Bullet Train and The Princess are two recent releases that could serve as a double feature for all they have in common. Both movies prioritize fun above all else, both of them feature stylized violence and bloodshed, both of them have a perverse sense of humor, and both of them feature young actress Joey King (The Kissing Booth, Wish Upon), coincidentally playing the listed roles of Prince and The Princess. What more do you need for this combo? If you are a fan of Bullet Train, you’ll likely be a fan of The Princess, and vice versa, because both of them are exactly as advertised. They’re wild, whimsically violent, but succeed with nimble action construction, bizarre and engaging characters, and high energy that sparks fun escapist entertainment.
Bullet Train is set almost entirely on a speeding bullet train in Tokyo, and we follow a group of hired killers, mercenaries, and generally nasty people all sharing one very fast locomotive. “Ladybug” (Brad Pitt) is a reformed hitman who only takes snatch-and-grab gigs as he’s trying to better himself with therapy and meditation. He’s meant to grab a briefcase of money and get off the train. Naturally, things don’t go as smoothly as planned. Onboard the train are “Lemon” (Brian Tyree Hill) and “Tangerine” (Aaron Taylor-Johnson), who have the briefcase in their possession along with the prodigal son (Logan Lerman) of a scary Yakuza boss known as “The White Death.” Also on board is Kimura (Andrew Koji) seeking to find the person responsible for pushing his child off a rooftop, Prince (Joey King) using her diminutive stature to trick unsuspecting men, the Wolf (Bad Bunny) seeking out the person responsible for the death of his bride, and several other masked killers looking to up the ante. Characters will clash, many will die, and “The White Death” will be appeased by the end, coming to collect a blood debt from all.
Bullet Train was, blissfully, everything I was needing it to be. It’s a universe familiar to fans of Quentin Tarantino and especially Guy Ritchie, with colorful and threatening characters with large personalities and quirks colliding in unexpected and violent ways. I’ve seen so many Tarantino knock-offs, and Tarantino knock-off knock-offs, so I appreciate when someone is able to understand what it takes to succeed on this unique playing field. Screenwriter Zak Olkewicz (Fear Street: 1978) knows how to sharpen the kind of off-the-cuff banter that makes these movies excel, with space given for the characters to make a sizable impression. There needs to be time to get to know them, their quirks and faults, and then send them all running at one another at cross-purposes, interacting in fun ways that lend to one character screwing something up for another. There’s about a dozen characters dropped upon us, and just about everyone gets a flashback or introduction set piece, sometimes more, sometimes extensions of previous flashbacks, sometimes extensions from alternate perspectives. Part of the fun is just seeing how the different characters relate to one another, so there is a period of time where the mask has to eventually drop, and the reveal needs to be worthwhile. It’s a lot, and Bullet Train gleefully trades in excess upon excess all in the name of chasing after a good time, and if you connect on its zany and breezy wavelength of reckless violence and dark humor, then you shall be happy for the ride.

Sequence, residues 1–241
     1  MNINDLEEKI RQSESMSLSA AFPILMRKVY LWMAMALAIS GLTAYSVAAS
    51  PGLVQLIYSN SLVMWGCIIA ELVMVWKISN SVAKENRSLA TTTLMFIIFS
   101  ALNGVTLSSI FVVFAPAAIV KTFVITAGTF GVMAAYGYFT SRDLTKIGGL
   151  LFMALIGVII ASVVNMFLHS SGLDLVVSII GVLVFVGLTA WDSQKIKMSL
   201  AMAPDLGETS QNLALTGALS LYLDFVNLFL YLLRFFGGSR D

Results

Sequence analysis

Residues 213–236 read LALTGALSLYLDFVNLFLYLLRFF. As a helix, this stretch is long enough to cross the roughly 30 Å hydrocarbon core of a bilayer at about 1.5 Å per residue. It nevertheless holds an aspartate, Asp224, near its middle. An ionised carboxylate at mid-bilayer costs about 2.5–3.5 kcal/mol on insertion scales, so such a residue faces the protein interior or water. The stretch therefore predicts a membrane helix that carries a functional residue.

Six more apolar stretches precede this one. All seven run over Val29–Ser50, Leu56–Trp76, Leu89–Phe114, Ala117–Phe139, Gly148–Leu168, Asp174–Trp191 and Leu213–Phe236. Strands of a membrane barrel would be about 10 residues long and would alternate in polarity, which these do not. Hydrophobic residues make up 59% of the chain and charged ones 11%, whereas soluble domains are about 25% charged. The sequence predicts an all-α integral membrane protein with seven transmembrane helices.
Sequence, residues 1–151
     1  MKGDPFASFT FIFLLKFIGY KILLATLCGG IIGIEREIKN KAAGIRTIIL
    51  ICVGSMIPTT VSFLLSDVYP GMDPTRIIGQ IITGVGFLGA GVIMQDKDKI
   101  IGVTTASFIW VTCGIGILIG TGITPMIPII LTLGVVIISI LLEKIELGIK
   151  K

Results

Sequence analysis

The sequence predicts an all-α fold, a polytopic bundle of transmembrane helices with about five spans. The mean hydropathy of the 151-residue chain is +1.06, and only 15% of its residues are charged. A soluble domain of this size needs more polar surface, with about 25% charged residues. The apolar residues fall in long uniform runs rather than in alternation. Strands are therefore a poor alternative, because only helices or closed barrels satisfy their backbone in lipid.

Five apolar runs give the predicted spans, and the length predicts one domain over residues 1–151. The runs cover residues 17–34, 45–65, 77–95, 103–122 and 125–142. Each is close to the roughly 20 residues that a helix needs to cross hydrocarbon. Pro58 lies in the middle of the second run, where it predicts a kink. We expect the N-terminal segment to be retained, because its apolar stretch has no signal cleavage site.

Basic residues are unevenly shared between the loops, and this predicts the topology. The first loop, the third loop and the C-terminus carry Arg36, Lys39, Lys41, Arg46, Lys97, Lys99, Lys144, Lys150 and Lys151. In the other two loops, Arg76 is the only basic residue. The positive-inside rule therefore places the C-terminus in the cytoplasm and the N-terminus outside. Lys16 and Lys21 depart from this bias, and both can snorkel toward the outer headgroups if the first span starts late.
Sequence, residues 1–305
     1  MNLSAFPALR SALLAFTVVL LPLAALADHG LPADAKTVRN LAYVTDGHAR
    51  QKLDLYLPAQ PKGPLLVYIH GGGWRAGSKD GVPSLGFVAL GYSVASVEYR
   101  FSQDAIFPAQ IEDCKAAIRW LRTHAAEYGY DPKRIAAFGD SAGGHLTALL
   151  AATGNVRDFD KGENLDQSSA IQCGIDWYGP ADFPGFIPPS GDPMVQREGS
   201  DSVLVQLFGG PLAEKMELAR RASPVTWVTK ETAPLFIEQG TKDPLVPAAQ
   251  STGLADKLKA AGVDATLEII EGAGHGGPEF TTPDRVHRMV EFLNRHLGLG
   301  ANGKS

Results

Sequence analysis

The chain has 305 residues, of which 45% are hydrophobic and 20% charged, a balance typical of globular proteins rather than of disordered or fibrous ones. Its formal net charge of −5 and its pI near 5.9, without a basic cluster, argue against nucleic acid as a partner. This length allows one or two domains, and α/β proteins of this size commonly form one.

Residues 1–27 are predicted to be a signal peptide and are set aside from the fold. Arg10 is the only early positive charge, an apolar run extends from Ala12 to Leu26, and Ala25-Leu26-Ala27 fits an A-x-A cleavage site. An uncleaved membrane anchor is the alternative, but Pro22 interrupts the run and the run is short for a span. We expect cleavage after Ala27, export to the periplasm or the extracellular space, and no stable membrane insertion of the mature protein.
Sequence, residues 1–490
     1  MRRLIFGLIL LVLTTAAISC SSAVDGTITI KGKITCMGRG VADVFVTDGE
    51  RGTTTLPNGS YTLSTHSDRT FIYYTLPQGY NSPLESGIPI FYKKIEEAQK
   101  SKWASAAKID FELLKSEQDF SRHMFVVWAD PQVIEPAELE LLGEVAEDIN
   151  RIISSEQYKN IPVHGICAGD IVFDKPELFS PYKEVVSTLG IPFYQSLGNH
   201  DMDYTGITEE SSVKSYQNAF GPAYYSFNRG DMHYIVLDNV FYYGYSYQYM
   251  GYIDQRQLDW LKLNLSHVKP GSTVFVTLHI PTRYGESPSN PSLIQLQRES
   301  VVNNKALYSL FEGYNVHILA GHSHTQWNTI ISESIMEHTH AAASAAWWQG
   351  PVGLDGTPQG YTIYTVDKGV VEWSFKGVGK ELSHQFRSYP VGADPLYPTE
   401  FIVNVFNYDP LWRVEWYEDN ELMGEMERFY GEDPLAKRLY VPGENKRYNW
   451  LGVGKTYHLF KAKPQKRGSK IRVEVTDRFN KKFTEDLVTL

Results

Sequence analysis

The movie is constantly reshuffling and transforming, allowing it to hyperextend into whatever shape it necessitates before contorting back to its next phase. This malleability makes the movie far more responsive, sometimes overlapping, and it provides an extra level of energy. It’s reminiscent of Snatch, my favorite of the Ricthie cockney crime capers, where the story zigged and zagged through linear time, providing answers to different stacked questions. I won’t say the characters are as distinct as Snatch, but Olkewicz takes his time to introduce each with relish. Pitt may be the marketable star of the movie, at least as far as advertising is concerned, but it’s really much more of an ensemble, and one anchored by Lemon and Tangerine. Their droll, snappy banter really cements their long-term relationship almost like a screwball romance. They end up becoming, strangely, the heart of the movie, if one were to suggest a movie with an entire wedding party vomiting their guts to death had a beating heart. Their exact connection and genuine affection for one another, even when they’re driving one another mad, is one of the film’s many surprises as it zooms ahead. There are fun cameos, and some unexpected abrupt deaths, but Bullet Train works because of the entertainment of the kooky killer characters. I enjoyed that one character’s obsession, namely likening people to Thomas the Tank Engine avatars, has a personal connection but actually leads to some ironic turns. Not every set-up has the best payoff (Chekov’s toilet snake comes to shockingly little) or resolution (why wasn’t the snooping conductor thrown back in or given a revelation?) but with so many characters criss-crossing, so many goofy asides and cul-de-sacs, and so much bloody mayhem, there’s a steady stream of fun, satisfying payoffs and retribution until the mid-credits sequence.